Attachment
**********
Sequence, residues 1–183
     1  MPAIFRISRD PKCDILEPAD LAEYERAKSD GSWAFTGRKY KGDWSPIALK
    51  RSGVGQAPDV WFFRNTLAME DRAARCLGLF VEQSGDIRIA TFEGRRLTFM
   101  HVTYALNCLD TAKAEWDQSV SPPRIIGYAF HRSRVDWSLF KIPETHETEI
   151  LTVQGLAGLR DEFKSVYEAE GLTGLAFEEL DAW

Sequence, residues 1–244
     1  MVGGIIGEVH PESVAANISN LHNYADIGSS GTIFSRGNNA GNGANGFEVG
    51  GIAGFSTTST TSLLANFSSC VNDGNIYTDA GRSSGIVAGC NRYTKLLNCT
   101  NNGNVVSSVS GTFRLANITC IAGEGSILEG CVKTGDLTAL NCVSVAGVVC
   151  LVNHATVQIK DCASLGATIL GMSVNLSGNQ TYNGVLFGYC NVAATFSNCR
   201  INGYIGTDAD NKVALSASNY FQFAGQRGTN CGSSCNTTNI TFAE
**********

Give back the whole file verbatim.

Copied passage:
Sequence, residues 1–183
     1  MPAIFRISRD PKCDILEPAD LAEYERAKSD GSWAFTGRKY KGDWSPIALK
    51  RSGVGQAPDV WFFRNTLAME DRAARCLGLF VEQSGDIRIA TFEGRRLTFM
   101  HVTYALNCLD TAKAEWDQSV SPPRIIGYAF HRSRVDWSLF KIPETHETEI
   151  LTVQGLAGLR DEFKSVYEAE GLTGLAFEEL DAW

Sequence, residues 1–244
     1  MVGGIIGEVH PESVAANISN LHNYADIGSS GTIFSRGNNA GNGANGFEVG
    51  GIAGFSTTST TSLLANFSSC VNDGNIYTDA GRSSGIVAGC NRYTKLLNCT
   101  NNGNVVSSVS GTFRLANITC IAGEGSILEG CVKTGDLTAL NCVSVAGVVC
   151  LVNHATVQIK DCASLGATIL GMSVNLSGNQ TYNGVLFGYC NVAATFSNCR
   201  INGYIGTDAD NKVALSASNY FQFAGQRGTN CGSSCNTTNI TFAE